Plagiarist - My previous post

Those who follow this blog will know that I go to a bit of effort to try to try not to rip off other people's ideas.

But a funny thing happened on the way to the internet today.

Yesterday I posted this...

     If you love something...

     Set it free...

     If it comes back to you...

     It's probably Stockholm Syndrome.

It was a little joke that occurred to me, that was inspired by an acquaintance the day before, telling me that he thought there was a component of Stockholm Syndrome in relationships.

But today I thought I'd search the net for the notion. Sometimes I ask google questions in plain english. eg "Hey google, do you know any good sourdough recipes?" Sometimes I copy and paste entire pages of stuff. Today I dumped my entire post in and found this tweet from someone named Pieter Rossouw . It's dated 5 days before my post and this is the first I've seen of it.

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If you love something, set it free. If it comes back to you, it's probably Stockholm Syndrome.
4:10 PM - 12 Jun 12 via Twitter for iPhone · Embed this Tweet
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Spooky.

Stockholm Syndrome is something 23% of hostages experience (according to wikipedia) whereby hostages end up defending their abductors.

The name relates to something that happened in a bank robbery in 1973. Nearly forty years ago. As far as google and I know, there are no other references that tie Stockholm Syndrome and the "If you love something set it free, if it comes back to you, it's yours. If it doesn't, it never was." saying.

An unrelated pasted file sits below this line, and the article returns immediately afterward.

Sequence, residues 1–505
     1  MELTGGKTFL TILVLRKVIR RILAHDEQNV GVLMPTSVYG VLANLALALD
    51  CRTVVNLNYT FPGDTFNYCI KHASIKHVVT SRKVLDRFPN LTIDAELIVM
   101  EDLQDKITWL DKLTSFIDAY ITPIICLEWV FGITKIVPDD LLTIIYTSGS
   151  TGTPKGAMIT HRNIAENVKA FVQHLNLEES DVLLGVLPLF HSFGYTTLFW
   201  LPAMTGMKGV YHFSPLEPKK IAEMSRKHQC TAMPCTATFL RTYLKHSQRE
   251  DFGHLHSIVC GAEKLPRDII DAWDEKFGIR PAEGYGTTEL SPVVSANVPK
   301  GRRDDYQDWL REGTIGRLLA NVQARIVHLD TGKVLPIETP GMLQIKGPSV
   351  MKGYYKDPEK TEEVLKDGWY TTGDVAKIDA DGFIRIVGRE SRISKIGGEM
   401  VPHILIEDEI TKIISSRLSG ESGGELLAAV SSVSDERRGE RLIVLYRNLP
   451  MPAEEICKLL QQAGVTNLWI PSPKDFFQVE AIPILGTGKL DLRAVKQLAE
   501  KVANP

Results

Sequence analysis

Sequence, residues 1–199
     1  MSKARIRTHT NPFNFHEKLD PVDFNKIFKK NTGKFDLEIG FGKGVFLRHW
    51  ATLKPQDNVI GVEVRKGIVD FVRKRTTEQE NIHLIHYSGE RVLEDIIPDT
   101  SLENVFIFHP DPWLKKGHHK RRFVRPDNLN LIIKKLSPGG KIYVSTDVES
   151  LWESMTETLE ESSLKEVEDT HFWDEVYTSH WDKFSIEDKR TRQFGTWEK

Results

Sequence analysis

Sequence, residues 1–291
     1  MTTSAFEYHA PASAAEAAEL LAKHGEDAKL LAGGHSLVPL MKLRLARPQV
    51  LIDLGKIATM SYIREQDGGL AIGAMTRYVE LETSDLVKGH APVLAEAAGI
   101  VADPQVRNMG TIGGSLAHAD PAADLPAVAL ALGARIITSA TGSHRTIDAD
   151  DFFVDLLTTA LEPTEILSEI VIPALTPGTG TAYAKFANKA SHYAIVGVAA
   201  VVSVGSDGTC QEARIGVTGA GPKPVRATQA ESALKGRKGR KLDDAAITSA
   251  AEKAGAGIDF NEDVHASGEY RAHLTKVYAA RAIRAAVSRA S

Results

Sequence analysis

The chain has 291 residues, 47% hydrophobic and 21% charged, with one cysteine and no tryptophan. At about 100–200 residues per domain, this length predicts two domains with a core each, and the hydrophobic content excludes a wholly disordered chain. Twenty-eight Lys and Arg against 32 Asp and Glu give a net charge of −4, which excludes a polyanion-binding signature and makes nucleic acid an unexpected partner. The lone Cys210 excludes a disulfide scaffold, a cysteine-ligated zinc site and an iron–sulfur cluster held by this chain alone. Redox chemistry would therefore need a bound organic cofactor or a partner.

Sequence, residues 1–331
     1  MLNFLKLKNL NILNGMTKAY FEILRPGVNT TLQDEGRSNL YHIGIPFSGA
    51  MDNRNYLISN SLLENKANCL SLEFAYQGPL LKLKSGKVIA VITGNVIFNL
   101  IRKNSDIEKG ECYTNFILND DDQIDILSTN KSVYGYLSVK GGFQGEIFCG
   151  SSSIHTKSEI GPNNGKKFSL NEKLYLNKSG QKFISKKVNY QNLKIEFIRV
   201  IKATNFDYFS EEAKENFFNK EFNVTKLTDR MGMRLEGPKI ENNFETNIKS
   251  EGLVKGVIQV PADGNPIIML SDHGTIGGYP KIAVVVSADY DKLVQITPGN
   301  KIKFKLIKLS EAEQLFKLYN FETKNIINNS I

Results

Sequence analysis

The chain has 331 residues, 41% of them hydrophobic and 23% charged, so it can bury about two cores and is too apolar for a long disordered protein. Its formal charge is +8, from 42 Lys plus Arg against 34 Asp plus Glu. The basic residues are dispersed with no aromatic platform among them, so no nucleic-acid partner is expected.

Forty years, then two people come up with the same joke, word for word, five days apart.

I'm going to ask @PRossouw why he tweeted that this week. I've tried all kinds of things to see if there is any link between @PRossouw, my acquaintance, and me, but I cant find a thing. 

Anyway, it seems I plagiarized it without knowing. 

Sorry Pieter.

   

120 things in 20 years is guilty of plagiarism in my previous post.

6 comments:

  1. Pereant qui ante nos nostra dixerunt -- Saint Jerome (Comment. in Ecclesiastem)

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  2. I don't understand how that's relevant.

    Am I missing something?

    ReplyDelete
  3. Pereant qui ante nos nostra dixerunt (language: latin) means "may they perish who have expressed our bright ideas before us" :-)

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  4. Ahh, that makes much more sense :)

    google translate englished it to "Who die before we said our".

    I can see why google said that, but your translation means something.

    "Die who said our, before we", might have been better.

    I like it. I'd adopt it as my motto except for the death bit.

    Perhaps "May they always pay for our beer, those who have expressed our bright ideas before us." :)

    ReplyDelete
  5. "May they always pay for our beer, those who have expressed our bright ideas before us." is promising (except before Sumerians because they AFAIK invented both beer and money). Those who nurture our brains shall also distort our bellies, yay!

    ReplyDelete

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